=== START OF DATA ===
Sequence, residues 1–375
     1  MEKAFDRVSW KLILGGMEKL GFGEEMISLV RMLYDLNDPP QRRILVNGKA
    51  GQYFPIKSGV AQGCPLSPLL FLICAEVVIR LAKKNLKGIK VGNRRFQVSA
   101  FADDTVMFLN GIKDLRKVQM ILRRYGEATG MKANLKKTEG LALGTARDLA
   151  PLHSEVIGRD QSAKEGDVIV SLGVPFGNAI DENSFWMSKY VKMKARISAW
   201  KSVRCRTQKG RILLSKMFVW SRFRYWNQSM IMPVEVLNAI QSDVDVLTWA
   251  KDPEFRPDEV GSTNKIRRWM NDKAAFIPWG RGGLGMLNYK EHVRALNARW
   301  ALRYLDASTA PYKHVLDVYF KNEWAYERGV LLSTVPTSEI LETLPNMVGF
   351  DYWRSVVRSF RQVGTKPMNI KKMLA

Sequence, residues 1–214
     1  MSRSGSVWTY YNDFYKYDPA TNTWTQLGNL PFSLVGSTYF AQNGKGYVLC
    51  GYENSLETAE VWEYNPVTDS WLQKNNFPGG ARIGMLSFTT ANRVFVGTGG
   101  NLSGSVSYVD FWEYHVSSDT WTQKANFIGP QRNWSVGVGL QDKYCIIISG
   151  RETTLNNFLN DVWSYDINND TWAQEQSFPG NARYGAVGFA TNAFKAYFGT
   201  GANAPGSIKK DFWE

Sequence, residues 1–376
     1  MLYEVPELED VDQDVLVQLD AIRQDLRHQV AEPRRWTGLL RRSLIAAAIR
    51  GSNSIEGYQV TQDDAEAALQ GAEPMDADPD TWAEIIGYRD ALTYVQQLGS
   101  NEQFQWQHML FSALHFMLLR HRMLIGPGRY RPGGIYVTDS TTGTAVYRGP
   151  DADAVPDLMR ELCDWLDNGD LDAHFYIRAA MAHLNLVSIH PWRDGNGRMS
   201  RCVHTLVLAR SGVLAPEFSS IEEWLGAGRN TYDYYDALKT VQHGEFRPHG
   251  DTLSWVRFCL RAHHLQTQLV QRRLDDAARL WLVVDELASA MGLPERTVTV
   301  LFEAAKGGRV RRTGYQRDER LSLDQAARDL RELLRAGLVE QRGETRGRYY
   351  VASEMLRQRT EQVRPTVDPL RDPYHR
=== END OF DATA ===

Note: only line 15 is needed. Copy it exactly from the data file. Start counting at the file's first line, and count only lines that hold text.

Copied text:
   201  GANAPGSIKK DFWE